Chris Knipp Writing: Movies, Politics, Art


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PostPosted: Sat Jan 21, 2012 2:36 pm 
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NI NI IN THE FLOWERS OF WAR

Cheering melodrama about a time of atrocity

When I saw Lu Chuan's 2009 City of Life and Death last year during its US release I was critical of the way it introduces simplified, emblematic characters into its otherwise realistic depiction of the horrific Japanese siege of Nanking. But City of Life and Death is a paragon of historical accuracy compared to Zhang Yimou's sketchy and fanciful The Flowers of War, a technicolor extravaganza set in Nanking during the siege and starring Christian Bale as John Miller, a boozy mortician turned unlikely hero, along with a bevy of young Chinese women and one gawky boy in round-rimmed glasses who, himself, like a dozen pretty young prostitutes, becomes a willing martyr. The 1937 Japanese siege can be seen as many things, but hardly as colorful, though that's how it emerges here. Zhang's movie is almost like a musical comedy version of events. Call me stodgy, but though we all enjoy a colorful story, I think that when a complicated, horrible historical event like Nanking is reduced to that, it's a little hard not to see the result as a bit of a travesty. I love Zhang's House of Flying Daggers. But such Chinese period extravaganzas, with their beautiful stars in gorgeous almost-historical costumes and their surfeit of eye-popping special effects, are poor preparation for staging 1930's atrocities; hence Zhang's choice of a peripheral, anecdotal, and sentimental story. But this was, even so filtered, not the right kind of material for Zhang.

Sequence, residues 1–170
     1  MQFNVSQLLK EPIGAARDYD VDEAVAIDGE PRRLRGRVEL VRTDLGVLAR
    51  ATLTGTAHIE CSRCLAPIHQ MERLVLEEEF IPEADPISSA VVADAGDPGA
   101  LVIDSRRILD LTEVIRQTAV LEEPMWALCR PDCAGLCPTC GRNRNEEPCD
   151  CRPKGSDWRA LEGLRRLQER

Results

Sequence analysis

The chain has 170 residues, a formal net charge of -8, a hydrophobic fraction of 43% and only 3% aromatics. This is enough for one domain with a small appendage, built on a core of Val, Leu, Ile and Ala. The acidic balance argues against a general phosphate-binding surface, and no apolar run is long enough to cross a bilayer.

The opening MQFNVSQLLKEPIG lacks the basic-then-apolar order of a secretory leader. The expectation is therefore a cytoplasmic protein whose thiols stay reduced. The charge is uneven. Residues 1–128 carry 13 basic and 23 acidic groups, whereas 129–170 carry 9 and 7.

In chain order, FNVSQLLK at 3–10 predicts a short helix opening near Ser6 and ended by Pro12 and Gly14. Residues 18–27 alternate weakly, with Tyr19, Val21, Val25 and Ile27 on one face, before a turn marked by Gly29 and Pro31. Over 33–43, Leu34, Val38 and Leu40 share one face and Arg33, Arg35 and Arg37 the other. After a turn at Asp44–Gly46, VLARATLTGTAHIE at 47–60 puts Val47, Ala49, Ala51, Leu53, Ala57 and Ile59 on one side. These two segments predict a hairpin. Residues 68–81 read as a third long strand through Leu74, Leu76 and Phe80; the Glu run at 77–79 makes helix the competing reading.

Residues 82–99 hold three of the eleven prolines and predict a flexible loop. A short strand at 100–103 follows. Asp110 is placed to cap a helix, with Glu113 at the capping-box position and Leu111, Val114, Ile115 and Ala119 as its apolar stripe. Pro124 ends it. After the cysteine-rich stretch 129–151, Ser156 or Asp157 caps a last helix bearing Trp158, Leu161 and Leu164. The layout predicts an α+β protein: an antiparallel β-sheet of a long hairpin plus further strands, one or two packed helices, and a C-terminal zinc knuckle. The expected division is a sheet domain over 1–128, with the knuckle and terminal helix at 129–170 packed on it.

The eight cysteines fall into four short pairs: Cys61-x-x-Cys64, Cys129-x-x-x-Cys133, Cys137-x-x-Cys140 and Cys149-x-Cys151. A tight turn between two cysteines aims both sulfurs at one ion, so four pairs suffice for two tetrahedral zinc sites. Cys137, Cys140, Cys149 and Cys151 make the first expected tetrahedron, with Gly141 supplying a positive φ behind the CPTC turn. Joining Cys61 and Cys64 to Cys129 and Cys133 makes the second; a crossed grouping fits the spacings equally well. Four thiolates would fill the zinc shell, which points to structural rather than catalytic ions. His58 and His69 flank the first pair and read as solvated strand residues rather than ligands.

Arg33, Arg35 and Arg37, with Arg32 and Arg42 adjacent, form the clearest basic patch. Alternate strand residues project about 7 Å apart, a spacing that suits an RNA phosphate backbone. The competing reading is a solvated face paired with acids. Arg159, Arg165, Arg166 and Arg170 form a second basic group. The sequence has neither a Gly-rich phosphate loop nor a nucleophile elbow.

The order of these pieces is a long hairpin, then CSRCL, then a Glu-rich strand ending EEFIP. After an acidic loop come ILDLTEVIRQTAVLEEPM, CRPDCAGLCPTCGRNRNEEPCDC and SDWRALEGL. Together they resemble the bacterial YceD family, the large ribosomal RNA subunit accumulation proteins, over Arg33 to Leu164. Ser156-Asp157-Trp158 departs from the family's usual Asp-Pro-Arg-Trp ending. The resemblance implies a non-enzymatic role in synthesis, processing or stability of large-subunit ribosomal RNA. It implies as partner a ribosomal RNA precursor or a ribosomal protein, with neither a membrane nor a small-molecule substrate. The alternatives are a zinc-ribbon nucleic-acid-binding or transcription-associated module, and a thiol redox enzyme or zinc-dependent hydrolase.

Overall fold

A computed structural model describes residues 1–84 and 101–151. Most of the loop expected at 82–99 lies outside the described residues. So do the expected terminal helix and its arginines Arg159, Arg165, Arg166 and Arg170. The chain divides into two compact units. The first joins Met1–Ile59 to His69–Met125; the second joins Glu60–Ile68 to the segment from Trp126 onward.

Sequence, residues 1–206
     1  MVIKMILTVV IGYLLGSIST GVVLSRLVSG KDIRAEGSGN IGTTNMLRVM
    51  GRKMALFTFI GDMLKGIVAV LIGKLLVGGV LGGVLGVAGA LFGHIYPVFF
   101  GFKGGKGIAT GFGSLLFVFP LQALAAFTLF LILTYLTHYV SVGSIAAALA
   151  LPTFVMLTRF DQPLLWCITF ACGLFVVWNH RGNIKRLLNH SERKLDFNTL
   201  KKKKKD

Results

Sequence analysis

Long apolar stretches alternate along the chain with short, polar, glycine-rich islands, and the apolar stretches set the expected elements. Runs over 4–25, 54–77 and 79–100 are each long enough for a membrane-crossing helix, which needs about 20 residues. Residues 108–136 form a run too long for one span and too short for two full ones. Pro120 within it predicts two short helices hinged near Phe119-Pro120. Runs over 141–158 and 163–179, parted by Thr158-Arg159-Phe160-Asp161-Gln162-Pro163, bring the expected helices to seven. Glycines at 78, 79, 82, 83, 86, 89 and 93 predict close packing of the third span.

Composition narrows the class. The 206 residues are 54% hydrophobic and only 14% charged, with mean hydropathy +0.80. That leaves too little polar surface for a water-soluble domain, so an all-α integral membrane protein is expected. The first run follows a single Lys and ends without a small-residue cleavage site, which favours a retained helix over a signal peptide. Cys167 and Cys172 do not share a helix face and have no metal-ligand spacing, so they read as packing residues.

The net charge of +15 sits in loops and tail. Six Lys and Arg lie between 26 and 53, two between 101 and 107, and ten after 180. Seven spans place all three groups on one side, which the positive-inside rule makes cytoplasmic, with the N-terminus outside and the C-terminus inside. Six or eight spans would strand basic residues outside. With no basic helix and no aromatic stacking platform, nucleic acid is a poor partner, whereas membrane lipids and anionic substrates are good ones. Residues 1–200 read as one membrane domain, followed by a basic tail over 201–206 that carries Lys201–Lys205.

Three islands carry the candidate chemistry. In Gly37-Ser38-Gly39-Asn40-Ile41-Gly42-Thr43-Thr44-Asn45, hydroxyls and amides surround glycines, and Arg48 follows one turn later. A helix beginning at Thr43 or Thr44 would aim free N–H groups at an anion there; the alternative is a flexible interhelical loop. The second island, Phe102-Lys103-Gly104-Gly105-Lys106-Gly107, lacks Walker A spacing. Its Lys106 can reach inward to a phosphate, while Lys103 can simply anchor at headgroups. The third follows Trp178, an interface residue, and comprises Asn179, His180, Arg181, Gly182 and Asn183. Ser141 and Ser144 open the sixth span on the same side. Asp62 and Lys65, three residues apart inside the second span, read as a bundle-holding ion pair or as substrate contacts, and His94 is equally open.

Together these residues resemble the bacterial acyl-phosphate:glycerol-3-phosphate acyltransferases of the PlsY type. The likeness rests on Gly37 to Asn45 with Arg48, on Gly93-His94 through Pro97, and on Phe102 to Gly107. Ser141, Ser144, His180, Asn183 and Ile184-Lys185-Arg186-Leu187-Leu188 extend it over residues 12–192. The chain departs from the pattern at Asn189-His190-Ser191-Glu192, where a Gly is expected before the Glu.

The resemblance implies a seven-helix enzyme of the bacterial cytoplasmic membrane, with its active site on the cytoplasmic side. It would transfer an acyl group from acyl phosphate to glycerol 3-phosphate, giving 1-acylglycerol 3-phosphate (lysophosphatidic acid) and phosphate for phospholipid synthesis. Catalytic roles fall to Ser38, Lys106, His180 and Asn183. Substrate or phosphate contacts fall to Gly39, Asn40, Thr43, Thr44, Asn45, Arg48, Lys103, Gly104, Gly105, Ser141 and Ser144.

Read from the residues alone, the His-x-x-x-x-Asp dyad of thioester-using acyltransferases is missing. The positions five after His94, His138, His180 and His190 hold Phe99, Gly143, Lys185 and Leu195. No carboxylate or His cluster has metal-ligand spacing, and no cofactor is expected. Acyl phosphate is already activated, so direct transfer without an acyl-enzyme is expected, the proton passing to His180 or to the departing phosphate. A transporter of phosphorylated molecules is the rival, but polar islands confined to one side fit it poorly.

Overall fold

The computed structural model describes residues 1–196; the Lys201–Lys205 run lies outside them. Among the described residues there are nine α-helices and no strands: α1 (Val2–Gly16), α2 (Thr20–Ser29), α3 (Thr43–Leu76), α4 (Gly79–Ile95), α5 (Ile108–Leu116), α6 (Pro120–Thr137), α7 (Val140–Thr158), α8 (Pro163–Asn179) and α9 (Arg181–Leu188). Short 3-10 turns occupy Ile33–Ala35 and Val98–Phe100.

In my opinion you'd be much better off altogether avoiding The Flowers of War. But if you can't resist trying this new example of Zhang's unquestionable visual flair and skill as an entertainer, you need to also get yourself a copy of City of Life and Death, and then watch Bill Guttentag and Dan Sturman's 2007 documentary, Nanking, whose first hand testimony is anything but sentimental and whose historical detail studiously avoids simplifications.

The screenplay of The Flowers of War by Heng Liu is based on a novella by Geling Yan called The 13 Women of Nanjing. Several of the Chinese-American Geling Yan's writings have been made into movies before, including Xiu Xiu: The Sent-Down Girl (1998) and Chen Kaige's opera star biopic Forever Enthralled (2008). In this story, the mortician makes his way through a battle scene to the church where he is to prepare the dead priest for burial, but instead he finds a group of girl students who are trapped and terrified, and an orphan boy called George (Huang Tianyuan) who considers himself in charge and abhors John Miller's irreverent search for drink and money and willingness to sleep in the priest's big bed.

The movie is in love with picturesque and weepy moments; innocent schoolgirls with good singing voices; lovable prostitutes in bright shiny dresses and pretty makeup, and gawky boys. In the foreground, it's in love with Bale's handsome looks and engaging impersonation of the rakish, aw-shucks mortician pressed to become a reluctant hero when it turns out he can pretend to be the priest at the big church and protect the young women.